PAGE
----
The University of Glasgow is tapping technology from blockchain provenance startup Everledger to tackle fraud in the Scottish whisky industry.

  • An agreement announced Friday will see the Scottish Universities Environmental Research Centre (SUERC) at the Glasgow institution using Everledger's anti-tamper bottle tags and blockchain platform to track rare whiskies.
  • SUERC has been tasked with finding ways to authenticate whisky provenance by producers, retailers, auction houses and collectors.
  • The center's researchers estimate the market for vintage single-malt Scotch whiskies was valued at £57.7 million ($78 million) in 2018. SUERC believes that around 40% of all rare vintage whiskies in circulation may be fake.
  • In 2018, the center found that out of 55 bottles of rare Scotch it had tested, 21 bottles were either fake or not distilled in the year indicated on the label.
  • The researchers can tell the fake malt whisky samples from the genuine ones by removing small samples through the cork and interpreting the radiocarbon data in a laboratory.
  • "By being granted unprecedented access to samples of the world’s rarest whiskies, its researchers have created a unique radiocarbon dating curve which is now used to determine the age of all types of vintage whiskies," the university said.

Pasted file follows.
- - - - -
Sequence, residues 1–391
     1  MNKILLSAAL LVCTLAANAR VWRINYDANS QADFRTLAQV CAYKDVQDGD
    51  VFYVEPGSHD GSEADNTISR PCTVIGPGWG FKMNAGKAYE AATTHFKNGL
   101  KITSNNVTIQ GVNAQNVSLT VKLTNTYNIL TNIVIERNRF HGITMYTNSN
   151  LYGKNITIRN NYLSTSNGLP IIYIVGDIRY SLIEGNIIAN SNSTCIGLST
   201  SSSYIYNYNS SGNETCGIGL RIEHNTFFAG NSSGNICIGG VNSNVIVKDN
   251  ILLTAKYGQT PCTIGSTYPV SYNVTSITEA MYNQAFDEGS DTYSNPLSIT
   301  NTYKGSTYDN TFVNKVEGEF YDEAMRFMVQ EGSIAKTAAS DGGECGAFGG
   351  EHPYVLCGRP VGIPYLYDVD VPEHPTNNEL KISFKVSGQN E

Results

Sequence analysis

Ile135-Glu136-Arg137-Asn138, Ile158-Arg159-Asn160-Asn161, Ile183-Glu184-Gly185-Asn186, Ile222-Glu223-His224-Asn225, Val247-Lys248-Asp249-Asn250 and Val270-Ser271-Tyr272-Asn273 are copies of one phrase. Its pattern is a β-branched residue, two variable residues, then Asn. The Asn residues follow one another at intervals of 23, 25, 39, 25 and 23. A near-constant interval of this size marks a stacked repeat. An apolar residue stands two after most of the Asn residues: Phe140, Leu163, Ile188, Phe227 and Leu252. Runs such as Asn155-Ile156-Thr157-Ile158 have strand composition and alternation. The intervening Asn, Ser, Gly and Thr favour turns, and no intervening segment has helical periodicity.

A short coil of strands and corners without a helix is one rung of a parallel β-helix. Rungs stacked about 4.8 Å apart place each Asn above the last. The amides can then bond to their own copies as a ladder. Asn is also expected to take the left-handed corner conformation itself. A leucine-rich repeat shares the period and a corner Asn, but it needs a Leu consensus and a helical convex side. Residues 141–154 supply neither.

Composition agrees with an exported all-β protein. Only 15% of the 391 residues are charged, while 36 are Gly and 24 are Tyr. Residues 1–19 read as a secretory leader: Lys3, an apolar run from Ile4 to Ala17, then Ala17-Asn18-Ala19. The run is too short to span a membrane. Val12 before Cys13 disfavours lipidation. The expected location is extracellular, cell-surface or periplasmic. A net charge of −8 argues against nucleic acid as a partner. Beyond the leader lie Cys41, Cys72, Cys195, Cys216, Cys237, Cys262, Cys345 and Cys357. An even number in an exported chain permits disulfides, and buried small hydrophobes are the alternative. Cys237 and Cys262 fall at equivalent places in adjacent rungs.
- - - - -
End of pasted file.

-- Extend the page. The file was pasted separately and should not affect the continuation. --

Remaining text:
• Everledger's NFC-enabled bottle caps and blockchain network are expected to help protect stakeholders along the commercial chain from counterfeit products.
  • “One aspect of the process that has eluded us is securing a permanent digital record of a whisky’s origin and age,” said Elaine Dunbar, research scientist at SUERC. "We are therefore absolutely delighted to establish a partnership with Everledger [that] will provide a lasting seal and a digital record of the whisky and details of its radiocarbon analysis."

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